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EPA Issues Final Rule on Cleanup Insurance

Tuesday, December 8, 2020

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In a news release issued last month, the United States Environmental Protection Agency announced that it had finalized its rulemaking on financial assurance requirements for the Electric Power Generation, Transmission and Distribution; Petroleum and Coal Products Manufacturing; and Chemical Manufacturing industries.

Specifically, the final rule declines the requirement for the industries to have insurance to cover major spills and accidents.

“EPA has found that existing environmental regulations and modern industry practices are sufficient to mitigate any risks inherent in these industries,” said EPA Administrator Andrew Wheeler.

Superfund Cleanup Evaluation

Developed in 1980, the Comprehensive Environmental Response, Compensation, and Liability Act—otherwise known as CERCLA or Superfund—provides a Federal "Superfund" to clean up uncontrolled or abandoned hazardous-waste sites as well as accidents, spills, and other emergency releases of pollutants and contaminants into the environment.

Through CERCLA, the EPA was granted power to seek out responsible parties for any release and assure their cooperation in the required cleanup.

In 2010, the EPA identified three classes of facilities for possible development of CERCLA Section 108(b) financial responsibility requirements. By 2017, the EPA published a notice describing its plan to consider financial responsibility requirements under CERCLA for the Electric Power Generation, Transmission, and Distribution, Petroleum and Coal Products Manufacturing, and the Chemical Manufacturing industries.

Two years later in July, Wheeler signed a proposed rule to not impose financial responsibility requirements for facilities in the Electric Power Generation, Transmission, and Distribution industry. By December, a second proposed rule was signed not to impose financial responsibility requirements for facilities in the Petroleum and Coal Products Manufacturing industry. And in February of this year, the same rule was signed for the Chemical Manufacturing industry.

© iStock / Skyhobo

In a news release issued last month, the United States Environmental Protection Agency announced that it had finalized its rulemaking on financial assurance requirements for the Electric Power Generation, Transmission and Distribution; Petroleum and Coal Products Manufacturing; and Chemical Manufacturing industries.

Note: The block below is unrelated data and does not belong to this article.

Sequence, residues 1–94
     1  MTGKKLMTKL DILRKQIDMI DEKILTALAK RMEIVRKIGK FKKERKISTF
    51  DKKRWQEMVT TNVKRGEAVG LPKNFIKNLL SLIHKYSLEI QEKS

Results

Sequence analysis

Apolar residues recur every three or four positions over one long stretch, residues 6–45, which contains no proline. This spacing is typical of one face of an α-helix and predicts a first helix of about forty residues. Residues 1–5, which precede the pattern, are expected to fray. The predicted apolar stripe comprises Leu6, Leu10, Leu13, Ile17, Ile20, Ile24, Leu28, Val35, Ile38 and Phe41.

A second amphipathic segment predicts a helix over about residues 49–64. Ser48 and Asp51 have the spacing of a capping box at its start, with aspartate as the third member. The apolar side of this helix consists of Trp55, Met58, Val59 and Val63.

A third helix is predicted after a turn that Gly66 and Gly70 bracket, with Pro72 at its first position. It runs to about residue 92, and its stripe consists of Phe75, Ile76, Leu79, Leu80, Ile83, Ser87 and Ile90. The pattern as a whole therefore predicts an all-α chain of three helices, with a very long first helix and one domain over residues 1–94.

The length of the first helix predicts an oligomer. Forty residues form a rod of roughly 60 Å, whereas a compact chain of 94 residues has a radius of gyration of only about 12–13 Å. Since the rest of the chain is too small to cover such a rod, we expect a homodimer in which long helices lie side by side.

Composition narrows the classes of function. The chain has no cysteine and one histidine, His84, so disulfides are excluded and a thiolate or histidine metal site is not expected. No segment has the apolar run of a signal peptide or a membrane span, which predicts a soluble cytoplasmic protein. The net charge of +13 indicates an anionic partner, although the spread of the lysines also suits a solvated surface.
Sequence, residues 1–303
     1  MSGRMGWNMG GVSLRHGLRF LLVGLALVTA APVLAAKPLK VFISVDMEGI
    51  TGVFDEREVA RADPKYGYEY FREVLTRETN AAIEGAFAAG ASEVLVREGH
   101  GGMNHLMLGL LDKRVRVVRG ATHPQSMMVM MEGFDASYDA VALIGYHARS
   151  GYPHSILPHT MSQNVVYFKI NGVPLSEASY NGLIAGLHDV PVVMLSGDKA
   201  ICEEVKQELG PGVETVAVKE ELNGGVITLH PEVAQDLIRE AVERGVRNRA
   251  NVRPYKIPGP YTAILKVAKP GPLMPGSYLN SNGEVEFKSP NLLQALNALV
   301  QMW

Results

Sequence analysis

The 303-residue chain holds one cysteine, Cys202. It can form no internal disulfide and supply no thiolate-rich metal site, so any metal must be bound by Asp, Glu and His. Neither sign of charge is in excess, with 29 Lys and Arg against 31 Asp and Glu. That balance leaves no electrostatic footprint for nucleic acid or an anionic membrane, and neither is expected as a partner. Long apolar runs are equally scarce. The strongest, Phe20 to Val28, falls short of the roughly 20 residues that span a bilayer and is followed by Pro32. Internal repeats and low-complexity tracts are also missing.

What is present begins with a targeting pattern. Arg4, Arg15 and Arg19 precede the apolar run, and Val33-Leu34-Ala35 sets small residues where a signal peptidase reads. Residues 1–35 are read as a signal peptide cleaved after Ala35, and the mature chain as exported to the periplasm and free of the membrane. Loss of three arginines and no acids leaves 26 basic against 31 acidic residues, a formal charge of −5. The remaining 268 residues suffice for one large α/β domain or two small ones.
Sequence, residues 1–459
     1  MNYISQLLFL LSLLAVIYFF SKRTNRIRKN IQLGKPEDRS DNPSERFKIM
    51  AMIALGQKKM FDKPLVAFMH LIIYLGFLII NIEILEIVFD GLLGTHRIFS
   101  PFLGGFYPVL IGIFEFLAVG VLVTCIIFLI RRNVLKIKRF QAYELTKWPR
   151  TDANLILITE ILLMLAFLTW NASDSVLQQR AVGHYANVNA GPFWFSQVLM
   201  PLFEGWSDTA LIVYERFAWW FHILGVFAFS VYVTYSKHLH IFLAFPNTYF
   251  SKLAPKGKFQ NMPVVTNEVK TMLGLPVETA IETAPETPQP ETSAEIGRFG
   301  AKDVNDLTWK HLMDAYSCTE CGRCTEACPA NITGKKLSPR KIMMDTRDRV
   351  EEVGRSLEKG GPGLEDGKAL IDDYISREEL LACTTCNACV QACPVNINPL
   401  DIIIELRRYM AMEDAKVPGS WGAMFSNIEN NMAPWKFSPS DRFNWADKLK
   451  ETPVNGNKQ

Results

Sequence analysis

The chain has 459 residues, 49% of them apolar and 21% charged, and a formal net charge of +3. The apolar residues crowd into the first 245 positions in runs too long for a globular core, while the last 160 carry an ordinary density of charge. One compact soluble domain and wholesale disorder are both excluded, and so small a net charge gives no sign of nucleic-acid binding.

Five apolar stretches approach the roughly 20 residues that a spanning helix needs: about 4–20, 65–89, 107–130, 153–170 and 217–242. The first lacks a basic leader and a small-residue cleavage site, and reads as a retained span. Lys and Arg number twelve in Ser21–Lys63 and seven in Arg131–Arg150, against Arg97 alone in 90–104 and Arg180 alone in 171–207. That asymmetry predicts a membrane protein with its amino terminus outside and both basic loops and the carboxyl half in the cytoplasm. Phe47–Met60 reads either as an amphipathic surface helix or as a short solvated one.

Most recently, in reviewing the need for additional, new financial assurance requirements for the electric power, petroleum and coal products manufacturing, and chemical manufacturing industries through the authority of CERCLA, the EPA looked at financial risks to the federal Superfund program associated with the production, transportation, treatment, storage, or disposal of hazardous substances in these industries.

According to the EPA, this included evaluating the history of cleanups under Superfund, modern industry practices, applicable federal and state regulations, the industries’ financial health and economic trends, and the risk of taxpayer-funded cleanups of facilities in these industries.

Most recently, PaintSquare Daily News reported that the EPA had finalized its plan to address contamination at the former manufacturing plant and adjoining areas of the Sherwin-Williams/Hilliards Creek Superfund Site in Gibbsboro, New Jersey, in August.

The affected areas requiring cleanup included a 20-acre area where the former paint manufacturing plant operated, Hilliards Creek headquarters and other adjoining areas, which include approximately six residential properties. Hilliards Creek also flows through the site and into Kirkwood Lake.

In addition to researching projects like this Superfund, the EPA also analyzed, reviewed, and considered public comments to conclude that the level of risk is addressed by existing requirements and does not warrant new requirements for the aforementioned industries.

The evaluation is reportedly consistent with Agency’s interpretation of the statute, which was unanimously upheld by the D.C. Circuit Court of Appeals in litigation challenging the Agency’s hardrock mining final action not requiring additional financial assurance.

“In the 40 years since CERCLA became law, other state and federal requirements have been promulgated, so EPA has not needed to use this statutory authority to impose additional financial assurance requirements on classes of facilities to address the potential risk of releases of hazardous substances,” wrote the Agency.

According to other reports however, the nation currently has more than 1,300 Superfund sites on its National Priorities List, although many of these projects have become orphaned due to companies going bankrupt and unable to complete the cleanup projects.

“For years, it’s been the most important rule that nobody knows about,” said Lisa Evans, senior counsel for the group Earthjustice, regarding CERCLA, and adds that the EPA’s decision is a “huge step backwards.”

Other advocacy organizations have also been reported to oppose the new rule, citing the decision as detrimental for taxpayers and the environment, as well as vulnerable communities, running counter to the Obama administration’s argument that industries should have the financial means to fund toxic waste cleanups to ease strain on the government.

The incoming Biden administration is expected to take a different approach and push forward financial assurance rules, with intentions to revoke the rule.

   

Tagged categories: Accidents; Cleanup; EPA; EPA; Government; Health & Safety; Health and safety; NA; North America; Oil and Gas; Project Management; Safety

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